"I mean, first of all, the number one thing that a black American politician aspiring to the presidency should be is to candidly describe the plight of the poor, especially in the inner cities and the rural areas, and have a very detailed platform about how the poor is going to be defended by the law, is going to be protected by the law, and is going to be liberated by the law," Nader said. "Haven't heard a thing."
- Early Bird Specials: The next old white male president needs to address the fact that early bird specials are not offered at every single diner across the country. Honestly, there oughta be a law.
- Those Pesky Freeways: Why are the lanes so narrow? Why do the young people drive so fast in them? The next old white male president really should tend to these concerns. Also, it would be nice if vehicle turn signals made a loud beeping sound after they've been on for about two minutes or so.
- Kids: The next old white male president needs to make the kids call more often.
- Grandkids: The next old white male president needs to make the grandkids talk louder and enunciate more slowly.
- Neighbors' Kids: The next old white male president needs to make "Get off my lawn!" signs freely available. And also put SWAT teams in every neighborhood whose only purpose is to make the neighbors' kids turn their music down--immediately.
- Medications, Aches and Pains, Gland Problems: The next old white male president needs to set up a phone bank staffed with people who are eager to spend hours listening to callers' complaints about medications, aches and pains, and glandular concerns.
- Viagra: We need more of this.
Nothing New byslag at 7:04 PM
The Moment Marc Ambinder Officially Became a Joke
Tuesday, June 24, 2008
So, I was just now listening to Rachel Maddow laugh uproariously at the fact that Richard Mellon Scaife's Pittsburgh Tribune-Review equated Obama's lead in the polls with Dukakis-level failure. Then, I clicked over to Marc Ambinder's blog only to see, "We're getting into Dukakis-Bush'-88 territory here...". When did Scaife purchase the Atlantic? Of course, there's this little detail: "(Reader CH notes: "The major difference between '88 and '08 is that the outgoing Republican president in '88 was nowhere near a 23% approval rating.")." Silly facts...they just get in the way of a good story.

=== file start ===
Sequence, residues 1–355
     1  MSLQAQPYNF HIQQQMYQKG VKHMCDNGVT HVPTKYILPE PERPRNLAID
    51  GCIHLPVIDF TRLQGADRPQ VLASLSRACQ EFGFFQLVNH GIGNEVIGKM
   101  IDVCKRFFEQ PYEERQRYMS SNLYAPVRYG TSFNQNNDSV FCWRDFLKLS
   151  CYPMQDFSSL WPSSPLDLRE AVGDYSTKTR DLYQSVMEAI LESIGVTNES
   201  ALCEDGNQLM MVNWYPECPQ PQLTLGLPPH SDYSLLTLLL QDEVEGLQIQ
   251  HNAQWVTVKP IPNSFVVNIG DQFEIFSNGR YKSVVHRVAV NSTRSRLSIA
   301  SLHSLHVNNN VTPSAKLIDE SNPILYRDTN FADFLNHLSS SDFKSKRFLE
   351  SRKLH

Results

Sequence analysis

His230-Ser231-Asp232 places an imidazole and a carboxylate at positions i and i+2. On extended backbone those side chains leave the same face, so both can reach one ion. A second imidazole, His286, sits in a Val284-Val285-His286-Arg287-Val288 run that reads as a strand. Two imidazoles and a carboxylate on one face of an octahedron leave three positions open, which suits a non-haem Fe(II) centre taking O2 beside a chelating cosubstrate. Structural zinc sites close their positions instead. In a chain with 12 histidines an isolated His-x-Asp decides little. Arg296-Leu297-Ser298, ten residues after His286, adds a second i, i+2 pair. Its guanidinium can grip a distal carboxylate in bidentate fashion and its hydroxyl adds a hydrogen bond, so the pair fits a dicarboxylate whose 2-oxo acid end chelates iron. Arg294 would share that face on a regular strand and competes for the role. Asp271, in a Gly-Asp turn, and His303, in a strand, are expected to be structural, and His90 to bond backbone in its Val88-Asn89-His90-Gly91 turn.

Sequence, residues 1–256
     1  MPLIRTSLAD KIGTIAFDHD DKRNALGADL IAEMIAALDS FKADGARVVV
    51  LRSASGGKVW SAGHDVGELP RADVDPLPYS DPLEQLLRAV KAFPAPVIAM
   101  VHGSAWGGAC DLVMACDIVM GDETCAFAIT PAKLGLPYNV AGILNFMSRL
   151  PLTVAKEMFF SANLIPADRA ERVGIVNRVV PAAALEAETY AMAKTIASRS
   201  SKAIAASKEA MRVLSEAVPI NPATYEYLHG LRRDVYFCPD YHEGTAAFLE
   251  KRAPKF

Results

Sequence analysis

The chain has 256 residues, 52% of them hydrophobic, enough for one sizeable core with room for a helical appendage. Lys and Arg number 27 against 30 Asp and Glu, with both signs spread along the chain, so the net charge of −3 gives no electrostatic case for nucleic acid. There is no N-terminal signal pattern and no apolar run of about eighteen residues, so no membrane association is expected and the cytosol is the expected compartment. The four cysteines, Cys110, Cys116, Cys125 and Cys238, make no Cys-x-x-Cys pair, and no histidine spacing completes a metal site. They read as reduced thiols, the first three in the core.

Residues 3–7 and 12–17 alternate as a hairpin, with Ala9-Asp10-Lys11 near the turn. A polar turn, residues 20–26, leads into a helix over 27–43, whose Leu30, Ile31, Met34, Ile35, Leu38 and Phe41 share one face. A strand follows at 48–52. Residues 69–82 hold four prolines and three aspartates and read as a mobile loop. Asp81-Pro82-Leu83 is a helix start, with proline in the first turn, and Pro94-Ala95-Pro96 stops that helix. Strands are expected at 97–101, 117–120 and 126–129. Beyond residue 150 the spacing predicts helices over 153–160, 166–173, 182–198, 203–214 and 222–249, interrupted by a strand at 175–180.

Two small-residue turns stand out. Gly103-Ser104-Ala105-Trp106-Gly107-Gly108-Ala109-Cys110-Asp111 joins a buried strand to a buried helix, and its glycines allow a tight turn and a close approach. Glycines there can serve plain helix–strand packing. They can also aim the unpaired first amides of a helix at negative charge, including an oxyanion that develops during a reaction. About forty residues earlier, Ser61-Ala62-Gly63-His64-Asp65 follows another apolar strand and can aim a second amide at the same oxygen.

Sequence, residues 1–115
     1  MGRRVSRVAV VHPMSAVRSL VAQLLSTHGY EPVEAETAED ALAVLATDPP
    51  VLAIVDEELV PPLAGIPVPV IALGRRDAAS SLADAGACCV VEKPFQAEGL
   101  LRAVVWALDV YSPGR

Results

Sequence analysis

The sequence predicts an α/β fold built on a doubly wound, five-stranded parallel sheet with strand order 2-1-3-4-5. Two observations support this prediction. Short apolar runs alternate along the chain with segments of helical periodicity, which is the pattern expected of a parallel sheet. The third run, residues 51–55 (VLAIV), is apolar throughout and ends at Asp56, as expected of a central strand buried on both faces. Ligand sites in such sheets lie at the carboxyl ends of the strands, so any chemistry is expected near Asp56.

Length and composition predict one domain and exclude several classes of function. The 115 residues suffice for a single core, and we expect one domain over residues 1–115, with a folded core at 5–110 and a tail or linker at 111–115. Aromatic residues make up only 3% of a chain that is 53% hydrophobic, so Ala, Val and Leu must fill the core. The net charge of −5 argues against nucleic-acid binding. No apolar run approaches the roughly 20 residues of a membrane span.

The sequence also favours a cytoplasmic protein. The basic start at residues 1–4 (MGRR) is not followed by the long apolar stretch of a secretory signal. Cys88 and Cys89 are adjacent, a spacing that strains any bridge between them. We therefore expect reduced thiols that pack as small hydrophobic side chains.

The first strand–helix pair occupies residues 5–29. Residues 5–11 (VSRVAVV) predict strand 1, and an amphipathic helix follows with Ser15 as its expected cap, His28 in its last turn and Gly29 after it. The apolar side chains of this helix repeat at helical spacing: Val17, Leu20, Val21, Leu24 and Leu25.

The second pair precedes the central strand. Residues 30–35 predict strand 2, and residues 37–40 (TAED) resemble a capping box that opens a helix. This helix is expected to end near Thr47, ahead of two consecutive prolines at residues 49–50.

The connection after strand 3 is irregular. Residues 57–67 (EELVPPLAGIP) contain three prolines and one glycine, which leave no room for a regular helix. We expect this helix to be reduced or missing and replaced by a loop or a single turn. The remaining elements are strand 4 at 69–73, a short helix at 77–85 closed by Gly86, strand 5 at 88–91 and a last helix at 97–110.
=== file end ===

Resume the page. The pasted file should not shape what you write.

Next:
And the joke only gets funnier with this ridiculous poll that Ambinder posted:
I wonder if the questions in this poll are representative of those Marc would have asked before we invaded Iraq:
Are you in favor of invading Iraq, or are you opposed to invading because you're a terrorist-loving hippie?Just curious.
Nothing New byslag at 6:50 PM
One of the things I like most about fiction is that, whenever I start to feel like I'm living in a uniquely farcical time or place, I invariably pick up a fiction book from a totally different time or place that captures similarly farcical themes or scenarios. Par exemple, my favorite PG Wodehouse book, Psmith in the City, elucidates a familiar rationale for why an ignorant, belligerent conservative might win an election (in this situation, said conservative is a bank manager):